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A Witch’s Guide to Surviving the Holidays

by Madison Ann Baker


Though winter is a magical season, the holidays can also make it one of the most stressful times of the year, especially for a witch. In addition to dealing with some of the more common holiday stressors, witches must figure out how to find time for their craft while facing family members who are likely confused by their practice at best, and overtly bigoted or belittling about it at worst.

Witches may not celebrate popular holidays like Thanksgiving, Hanukkah, Kwanzaa, or Christmas, choosing instead to observe traditionally Pagan holidays such as Yule (Winter Solstice). Being unable to properly observe holy days that are important to you, on top of the holiday madness, can be too much for even the most well-balanced, patient individual to handle. This year, take some time to figure out a holiday survival plan; not only will it help soothe your anxieties, you will be better able to enjoy yourself and this enchanting time of year.

Be Prepared

Do your best to mentally and emotionally prepare yourself for the holiday season. Start by asking your family members about their vision for this year’s family gathering. Will you have your own room where you would be able to practice your craft during the course of the visit, or will you be sleeping on the couch or sharing a room? Who else will be in attendance? Try to determine whether you will have to hide the fact that you’re a witch around these family members, and how that may affect your mental health and spiritual practice.

In particular, prepare yourself for the inevitable: holiday parties. Even the most introverted and shy of witches can somehow find themselves at an event or two they don’t particularly wish to attend. Accept that you may end up at one of these parties. If large events are difficult for you, remind yourself that it will be over soon. Remember that you can still attend and not only make it through the event, but have a great time. Enjoy the time to the best of your abilities, and if you don’t have your own space to retreat to afterward, check in with your family members to let them know that you need some time to yourself.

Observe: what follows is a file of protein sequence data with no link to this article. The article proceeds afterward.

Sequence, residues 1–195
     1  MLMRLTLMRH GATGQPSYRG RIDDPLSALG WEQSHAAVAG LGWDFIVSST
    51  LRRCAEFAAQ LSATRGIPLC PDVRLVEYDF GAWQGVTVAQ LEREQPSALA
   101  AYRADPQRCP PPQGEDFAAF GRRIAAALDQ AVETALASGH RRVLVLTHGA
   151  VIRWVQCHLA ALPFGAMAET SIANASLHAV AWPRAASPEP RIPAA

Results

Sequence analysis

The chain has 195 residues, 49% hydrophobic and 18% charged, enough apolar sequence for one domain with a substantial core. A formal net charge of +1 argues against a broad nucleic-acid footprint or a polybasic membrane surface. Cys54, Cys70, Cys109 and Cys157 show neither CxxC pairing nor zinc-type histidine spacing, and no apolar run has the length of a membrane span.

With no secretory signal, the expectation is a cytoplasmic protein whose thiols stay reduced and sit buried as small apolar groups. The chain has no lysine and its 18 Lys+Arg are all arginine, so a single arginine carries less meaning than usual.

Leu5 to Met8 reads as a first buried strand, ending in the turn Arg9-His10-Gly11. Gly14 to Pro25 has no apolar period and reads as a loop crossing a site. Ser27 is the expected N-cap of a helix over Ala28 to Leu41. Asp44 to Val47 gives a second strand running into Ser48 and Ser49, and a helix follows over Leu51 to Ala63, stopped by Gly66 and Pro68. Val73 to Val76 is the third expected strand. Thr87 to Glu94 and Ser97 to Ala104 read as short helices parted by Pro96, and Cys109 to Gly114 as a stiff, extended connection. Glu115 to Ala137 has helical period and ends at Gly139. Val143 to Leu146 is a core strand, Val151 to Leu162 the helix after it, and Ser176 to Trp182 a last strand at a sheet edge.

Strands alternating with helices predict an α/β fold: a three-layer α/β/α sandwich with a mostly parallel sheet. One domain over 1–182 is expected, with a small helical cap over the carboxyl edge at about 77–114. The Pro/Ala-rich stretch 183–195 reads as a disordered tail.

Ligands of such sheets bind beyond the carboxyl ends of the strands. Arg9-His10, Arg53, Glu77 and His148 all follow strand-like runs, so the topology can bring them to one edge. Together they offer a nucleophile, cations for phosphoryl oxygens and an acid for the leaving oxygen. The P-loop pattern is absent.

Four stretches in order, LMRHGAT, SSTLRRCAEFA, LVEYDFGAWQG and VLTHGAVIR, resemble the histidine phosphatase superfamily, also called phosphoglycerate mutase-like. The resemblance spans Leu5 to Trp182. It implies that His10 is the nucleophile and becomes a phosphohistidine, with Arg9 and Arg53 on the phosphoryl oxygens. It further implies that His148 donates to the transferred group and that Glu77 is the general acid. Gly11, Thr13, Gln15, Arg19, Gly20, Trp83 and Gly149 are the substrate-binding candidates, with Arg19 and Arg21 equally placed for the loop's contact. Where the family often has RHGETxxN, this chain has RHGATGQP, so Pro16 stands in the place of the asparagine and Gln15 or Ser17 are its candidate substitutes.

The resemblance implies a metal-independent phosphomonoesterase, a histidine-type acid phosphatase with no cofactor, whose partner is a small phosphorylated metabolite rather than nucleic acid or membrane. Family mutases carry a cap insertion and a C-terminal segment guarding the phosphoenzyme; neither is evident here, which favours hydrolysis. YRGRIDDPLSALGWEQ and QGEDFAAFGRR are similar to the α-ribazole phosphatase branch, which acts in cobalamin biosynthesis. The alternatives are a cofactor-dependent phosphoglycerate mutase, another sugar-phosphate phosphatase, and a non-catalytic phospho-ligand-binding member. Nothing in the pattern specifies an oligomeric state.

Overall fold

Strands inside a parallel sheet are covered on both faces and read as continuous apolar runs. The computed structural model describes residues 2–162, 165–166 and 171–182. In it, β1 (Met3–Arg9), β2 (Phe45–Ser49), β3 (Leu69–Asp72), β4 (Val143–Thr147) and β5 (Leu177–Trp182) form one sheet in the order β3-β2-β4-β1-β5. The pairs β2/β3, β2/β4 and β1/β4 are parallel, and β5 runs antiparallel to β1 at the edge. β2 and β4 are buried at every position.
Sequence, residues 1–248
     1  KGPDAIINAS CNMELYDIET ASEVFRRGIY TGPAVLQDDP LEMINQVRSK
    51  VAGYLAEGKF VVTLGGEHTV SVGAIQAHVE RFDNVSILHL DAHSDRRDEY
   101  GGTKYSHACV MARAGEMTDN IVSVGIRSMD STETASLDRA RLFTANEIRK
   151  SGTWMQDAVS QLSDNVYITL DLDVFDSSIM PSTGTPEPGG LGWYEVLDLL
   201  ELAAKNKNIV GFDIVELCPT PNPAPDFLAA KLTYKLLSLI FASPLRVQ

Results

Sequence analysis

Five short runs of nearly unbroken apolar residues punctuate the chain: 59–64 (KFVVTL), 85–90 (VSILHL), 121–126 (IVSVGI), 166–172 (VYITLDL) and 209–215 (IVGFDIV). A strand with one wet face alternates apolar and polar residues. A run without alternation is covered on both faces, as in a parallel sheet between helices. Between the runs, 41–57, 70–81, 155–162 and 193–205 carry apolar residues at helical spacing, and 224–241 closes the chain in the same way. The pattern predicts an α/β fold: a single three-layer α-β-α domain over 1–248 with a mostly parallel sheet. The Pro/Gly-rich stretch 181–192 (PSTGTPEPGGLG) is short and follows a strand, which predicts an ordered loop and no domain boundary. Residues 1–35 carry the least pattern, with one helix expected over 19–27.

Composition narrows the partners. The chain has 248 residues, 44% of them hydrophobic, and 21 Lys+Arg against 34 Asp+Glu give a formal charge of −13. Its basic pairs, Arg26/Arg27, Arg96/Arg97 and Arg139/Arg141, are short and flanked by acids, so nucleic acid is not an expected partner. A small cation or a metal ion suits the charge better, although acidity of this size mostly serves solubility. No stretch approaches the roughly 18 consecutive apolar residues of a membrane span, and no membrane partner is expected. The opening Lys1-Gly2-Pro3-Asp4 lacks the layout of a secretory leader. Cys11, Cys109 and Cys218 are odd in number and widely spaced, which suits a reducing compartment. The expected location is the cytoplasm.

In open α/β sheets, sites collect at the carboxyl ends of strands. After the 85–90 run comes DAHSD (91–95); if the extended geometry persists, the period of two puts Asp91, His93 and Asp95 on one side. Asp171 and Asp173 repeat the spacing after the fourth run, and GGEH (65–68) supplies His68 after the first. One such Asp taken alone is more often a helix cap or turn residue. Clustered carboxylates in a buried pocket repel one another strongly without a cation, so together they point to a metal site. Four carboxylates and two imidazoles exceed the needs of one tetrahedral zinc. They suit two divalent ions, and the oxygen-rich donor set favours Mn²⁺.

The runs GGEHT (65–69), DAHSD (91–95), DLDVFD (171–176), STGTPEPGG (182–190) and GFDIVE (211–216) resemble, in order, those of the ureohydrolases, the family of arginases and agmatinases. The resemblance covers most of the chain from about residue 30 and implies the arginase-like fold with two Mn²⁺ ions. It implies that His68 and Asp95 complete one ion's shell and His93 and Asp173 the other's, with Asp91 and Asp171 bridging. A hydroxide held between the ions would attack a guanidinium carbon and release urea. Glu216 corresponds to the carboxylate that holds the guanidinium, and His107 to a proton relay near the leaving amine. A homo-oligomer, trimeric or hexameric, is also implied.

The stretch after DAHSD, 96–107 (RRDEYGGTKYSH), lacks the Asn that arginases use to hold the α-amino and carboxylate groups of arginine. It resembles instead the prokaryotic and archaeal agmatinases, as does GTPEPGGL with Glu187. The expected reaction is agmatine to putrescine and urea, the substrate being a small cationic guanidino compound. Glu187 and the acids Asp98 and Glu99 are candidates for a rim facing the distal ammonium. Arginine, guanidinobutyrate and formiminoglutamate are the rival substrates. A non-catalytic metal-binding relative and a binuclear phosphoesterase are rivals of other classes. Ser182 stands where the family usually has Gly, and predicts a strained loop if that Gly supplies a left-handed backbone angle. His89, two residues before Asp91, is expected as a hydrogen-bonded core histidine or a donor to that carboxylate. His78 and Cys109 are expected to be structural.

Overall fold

Practice Self-Care

An important component to include in your de-stress plan is self-care. Though it may take different forms for each individual, mental health experts recommend doing the following to make your coping strategy as effective as possible during the holidays:

• Maintain your physical health. Eat healthfully, exercise regularly, and prioritize getting a full night’s sleep. You will likely feel better overall if you do so.

• Practice breathing exercises or meditation to keep yourself calm, especially if you are prone to panic or anxiety attacks. A brief attack can make an otherwise pleasant day memorable for the wrong reasons.

• Avoid your stressors whenever possible. While stress is a necessary and inevitable part of life, chronic stress can lead to a host of severe health problems.

Self-care may not be foolproof or even the only way to deal with stress during the holidays, but it is certainly more effective than going into a situation unprepared. Think of ways you can prioritize self-care while around others or without your usual comforts.

In addition, for many witches, practicing their craft is a very necessary form of self-care. If practicing makes you feel calmer and helps you de-stress, then you should absolutely continue to do so during the holidays, regardless of what others think.

Set Boundaries

Set clear boundaries with your relatives about your needs as a witch at this time of year. For example, if your parents ask that you attend a holiday party with them on the night of the winter solstice, don’t be afraid to say that you have other spiritual obligations to attend to or explain that this is a holy day for you. Be kind and polite, but firm. They don’t have to understand or like these boundaries —but they do have to respect them.

If setting boundaries is hard for you, remember that you aren’t trying to upset or hurt anyone. You are simply taking care of your own needs as a person and as a witch. The important people in your life will understand that you have these needs and won’t have any trouble respecting you. They care about you and will want you to be able to enjoy yourself, regardless of which winter holidays you celebrate. If you feel up to it, you can even consider extending an invitation to your loved ones to join you in your witchy festivities.

Ultimately, you need to do what makes you feel the most comfortable this holiday season. If you are unable to embrace the majesty of winter on your own terms, it can take all the fun out of the season and leave you upset and anxiety-ridden. Take your life into your own hands and celebrate the holidays the way you want to.

Top photo: detail of a painted Wheel of the Year from the Museum of Witchcraft, Boscastle / Wikimedia Commons

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